12 november 2011

The fear of being original

IN A RECENT COLUMN at Medievarlden.se, the former editor-in-chief of Swedish local daily Västerbottens-Kuriren, Lasse Westerlund, suggests that newspapers should stop giving away their key product for free by publishing news on the web.
In numerous comments and tweets, mr Westerlund has been ridiculed as being regressive and, among other things, his opinions have been compared to those of an unimaginative steam engine driver in the early 20th century.
I totally agree that it would be more than stupid to try neglecting the fact that the internet is here to stay, and that the reading habits of people who (used to) buy newspapers are rapidly changing. However, if for a moment we put aside the question of technical platform (print, iPad, mobile, etc), there also seems to be quite a lot of stupidity – or, at least, lack of ability to think out of the box – in the way many newspapers just keep putting their highly valued goods at everyone’s disposal, including that of their competitors, without charging anything for the service.

ANOTHER EXAMPLE of thoughtlessly mimicking the behavior of others without considering the consequences is the way many newspapers allow advertising to totally dominate their visual environment, and thereby seriously hurt their own brand recognition (see an example here) as well as their esteem (for those who have got anything left to hurt).
So why is just about everyone running in the same direction? Few people would argue that giving away your product for free, or allowing some supermarket or car manifacturer to take over the visual gestalt of your news website, are intelligent strategies. More likely, these are behaviors deriving from a fear that if you do not make the same moves as all the rest, you might end up being the one who fails.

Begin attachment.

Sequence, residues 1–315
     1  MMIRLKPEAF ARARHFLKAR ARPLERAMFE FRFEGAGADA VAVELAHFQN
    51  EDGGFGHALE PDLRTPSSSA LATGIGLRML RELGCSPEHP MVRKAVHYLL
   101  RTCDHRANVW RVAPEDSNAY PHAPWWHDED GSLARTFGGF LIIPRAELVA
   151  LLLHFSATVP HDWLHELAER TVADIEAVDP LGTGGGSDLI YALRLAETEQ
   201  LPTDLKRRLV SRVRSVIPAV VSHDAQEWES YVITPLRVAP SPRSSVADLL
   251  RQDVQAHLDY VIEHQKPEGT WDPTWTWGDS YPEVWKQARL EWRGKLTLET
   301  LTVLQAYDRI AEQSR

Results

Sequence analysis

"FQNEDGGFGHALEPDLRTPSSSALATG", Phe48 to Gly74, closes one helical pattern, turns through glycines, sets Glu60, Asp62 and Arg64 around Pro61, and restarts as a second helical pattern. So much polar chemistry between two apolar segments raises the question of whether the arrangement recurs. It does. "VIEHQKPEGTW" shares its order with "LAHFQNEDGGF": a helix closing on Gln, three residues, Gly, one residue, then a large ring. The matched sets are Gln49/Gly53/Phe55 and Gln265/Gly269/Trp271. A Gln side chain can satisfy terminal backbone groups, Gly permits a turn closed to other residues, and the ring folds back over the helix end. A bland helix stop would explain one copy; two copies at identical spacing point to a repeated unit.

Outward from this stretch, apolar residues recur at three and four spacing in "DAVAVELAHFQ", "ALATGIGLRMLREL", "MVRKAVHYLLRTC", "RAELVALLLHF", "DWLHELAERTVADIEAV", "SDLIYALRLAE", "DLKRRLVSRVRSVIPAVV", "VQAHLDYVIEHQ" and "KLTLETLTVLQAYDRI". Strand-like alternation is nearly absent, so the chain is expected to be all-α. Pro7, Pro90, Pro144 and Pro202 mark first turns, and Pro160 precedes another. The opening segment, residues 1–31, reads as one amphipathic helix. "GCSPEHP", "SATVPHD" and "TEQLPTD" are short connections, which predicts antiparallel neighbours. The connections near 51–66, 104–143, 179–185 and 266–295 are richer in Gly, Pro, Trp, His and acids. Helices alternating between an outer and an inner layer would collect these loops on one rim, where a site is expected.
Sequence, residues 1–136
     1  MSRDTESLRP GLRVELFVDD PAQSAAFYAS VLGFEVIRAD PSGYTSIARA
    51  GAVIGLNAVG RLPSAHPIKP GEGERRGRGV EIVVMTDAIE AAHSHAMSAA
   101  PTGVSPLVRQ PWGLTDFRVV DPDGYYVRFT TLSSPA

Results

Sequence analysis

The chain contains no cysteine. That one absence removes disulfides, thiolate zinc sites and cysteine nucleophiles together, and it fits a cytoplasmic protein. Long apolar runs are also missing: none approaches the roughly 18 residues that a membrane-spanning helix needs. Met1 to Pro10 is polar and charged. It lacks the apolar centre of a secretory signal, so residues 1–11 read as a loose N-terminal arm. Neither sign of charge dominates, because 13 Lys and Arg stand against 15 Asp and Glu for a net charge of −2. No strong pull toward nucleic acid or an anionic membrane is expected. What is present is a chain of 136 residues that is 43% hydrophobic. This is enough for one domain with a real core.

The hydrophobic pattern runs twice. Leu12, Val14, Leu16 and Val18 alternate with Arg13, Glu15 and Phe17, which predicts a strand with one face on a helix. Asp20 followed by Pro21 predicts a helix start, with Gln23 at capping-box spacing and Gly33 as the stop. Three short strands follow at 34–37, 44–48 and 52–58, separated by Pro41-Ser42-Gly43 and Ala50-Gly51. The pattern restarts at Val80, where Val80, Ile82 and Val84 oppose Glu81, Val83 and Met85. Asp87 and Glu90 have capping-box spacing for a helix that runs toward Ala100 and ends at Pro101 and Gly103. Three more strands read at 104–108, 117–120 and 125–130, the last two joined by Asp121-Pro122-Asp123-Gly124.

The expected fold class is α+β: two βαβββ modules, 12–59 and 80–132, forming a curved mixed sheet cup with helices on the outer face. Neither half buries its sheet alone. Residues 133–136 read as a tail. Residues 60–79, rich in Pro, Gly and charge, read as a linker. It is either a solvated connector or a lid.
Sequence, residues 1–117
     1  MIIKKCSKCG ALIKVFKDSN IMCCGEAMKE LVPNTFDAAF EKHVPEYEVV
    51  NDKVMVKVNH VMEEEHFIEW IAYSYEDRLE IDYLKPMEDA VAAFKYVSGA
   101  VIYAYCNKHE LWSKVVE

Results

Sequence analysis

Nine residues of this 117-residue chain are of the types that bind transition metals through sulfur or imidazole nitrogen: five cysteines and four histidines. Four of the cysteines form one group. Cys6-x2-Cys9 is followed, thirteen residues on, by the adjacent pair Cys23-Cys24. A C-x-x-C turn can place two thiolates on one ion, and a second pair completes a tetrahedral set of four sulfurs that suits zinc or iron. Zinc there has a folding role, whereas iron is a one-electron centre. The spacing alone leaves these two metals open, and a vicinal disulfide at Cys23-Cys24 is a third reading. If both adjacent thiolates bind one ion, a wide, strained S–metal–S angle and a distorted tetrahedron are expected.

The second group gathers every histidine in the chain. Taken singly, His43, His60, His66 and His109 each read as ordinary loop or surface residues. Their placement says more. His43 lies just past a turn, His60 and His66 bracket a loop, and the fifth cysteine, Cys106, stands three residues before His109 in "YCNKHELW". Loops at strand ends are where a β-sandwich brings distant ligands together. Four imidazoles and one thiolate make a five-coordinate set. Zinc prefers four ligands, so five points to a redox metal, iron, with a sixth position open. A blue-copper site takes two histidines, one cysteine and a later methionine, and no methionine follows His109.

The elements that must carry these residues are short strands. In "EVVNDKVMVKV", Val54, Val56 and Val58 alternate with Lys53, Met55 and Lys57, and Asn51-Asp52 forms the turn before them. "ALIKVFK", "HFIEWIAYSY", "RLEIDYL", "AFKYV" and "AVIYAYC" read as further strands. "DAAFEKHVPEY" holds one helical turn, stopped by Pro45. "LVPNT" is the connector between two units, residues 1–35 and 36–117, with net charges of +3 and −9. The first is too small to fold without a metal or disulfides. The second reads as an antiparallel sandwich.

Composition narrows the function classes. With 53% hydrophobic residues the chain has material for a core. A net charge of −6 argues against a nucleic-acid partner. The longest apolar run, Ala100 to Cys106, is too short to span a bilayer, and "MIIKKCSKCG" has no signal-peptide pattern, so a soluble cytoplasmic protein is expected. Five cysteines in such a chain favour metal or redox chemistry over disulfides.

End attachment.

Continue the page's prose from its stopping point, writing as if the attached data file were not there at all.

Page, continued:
AS FOR GIVING AWAY NEWS FOR FREE, other strategies have in fact been tried. The whole discussion of paywalls is big and complicated and I do not imagine that I can make any intelligent or original contributions (just read that the website of the Financial Times now has more than 250,000 paying subscribers, but then again, business news is special) … but I would like to mention a different approach which appears to be successful.

IN DECEMBER 2010, overnight, NRC.nl (the website of Rotterdam-based dailies NRC Handelsblad and NRCnext) ceased to automatically publish all news from the two papers. After the initial couple of weeks filled with angry protests, users actually began to appreciate the new contents of the site and, according to NRC.nl editors, the number of visitors have now doubled compared to how things were before the change.
Instead of traditional news, NRC.nl now offers two parallel flows of content. One is named Het Beste van het Web (the Best of the Web) and works more or less like a traditional news aggregator, except that the stories, photos, videos and sound bites which it aggregates are not necessarily news – it can be any kind of content from everywhere on the web, as long as it is interesting.
The other flow contains comments, analysis, interviews, etc, related to stories which you can read if you choose to buy one of the papers.
For instance, if the NRC print (and tablet) publications are writing about the European debt crisis – which, no doubt, they are – an NRC.nl reporter might interview the financial expert at the NRC desk and make him or her explain how the whole international banking system works, or maybe list the strengths and weaknesses of the euro currency.
This works as a smart way to approach user segments different from the traditional newspaper audience and, at the same time, it is an effective method for NRC to promote their paid products.

NRC.nl DARED TO DO SOMETHING DIFFERENT – and something original. Apparently, they have succeeded. However, as the internet is still such a young media, or whatever you’d call it (whether the internet can be called a media or not seems like a never-ending discussion), there has to be hundreds of other ways to capitalize on its possibilities.
Therefore, it is not necessarily stupid to state that newspapers should try something else instead of just publishing their news and hoping that advertising will pay. Because that business model clearly isn’t working.

In case you are interested, you can read more about the NRC.nl project in a review which I wrote for the Danish Journalisten magazine earlier this year.

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